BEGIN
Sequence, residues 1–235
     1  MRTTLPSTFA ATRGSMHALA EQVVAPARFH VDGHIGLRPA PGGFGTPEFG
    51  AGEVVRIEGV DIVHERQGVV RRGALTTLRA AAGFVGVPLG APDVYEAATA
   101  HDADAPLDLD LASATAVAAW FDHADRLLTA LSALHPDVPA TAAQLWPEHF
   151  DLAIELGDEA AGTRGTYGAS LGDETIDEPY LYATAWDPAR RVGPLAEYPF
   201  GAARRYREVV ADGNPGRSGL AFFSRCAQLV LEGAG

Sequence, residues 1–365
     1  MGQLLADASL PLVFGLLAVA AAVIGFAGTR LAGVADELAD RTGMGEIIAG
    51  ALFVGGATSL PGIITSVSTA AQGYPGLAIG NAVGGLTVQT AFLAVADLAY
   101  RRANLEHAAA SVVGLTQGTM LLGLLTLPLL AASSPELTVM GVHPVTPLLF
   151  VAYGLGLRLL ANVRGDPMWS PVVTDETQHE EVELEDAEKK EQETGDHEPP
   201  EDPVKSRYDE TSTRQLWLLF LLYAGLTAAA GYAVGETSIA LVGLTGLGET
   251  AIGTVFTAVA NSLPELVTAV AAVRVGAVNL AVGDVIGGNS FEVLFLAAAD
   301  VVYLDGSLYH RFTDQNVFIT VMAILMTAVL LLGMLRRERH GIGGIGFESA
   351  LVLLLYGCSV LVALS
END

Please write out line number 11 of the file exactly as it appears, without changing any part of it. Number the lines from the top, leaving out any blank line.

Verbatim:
   151  VAYGLGLRLL ANVRGDPMWS PVVTDETQHE EVELEDAEKK EQETGDHEPP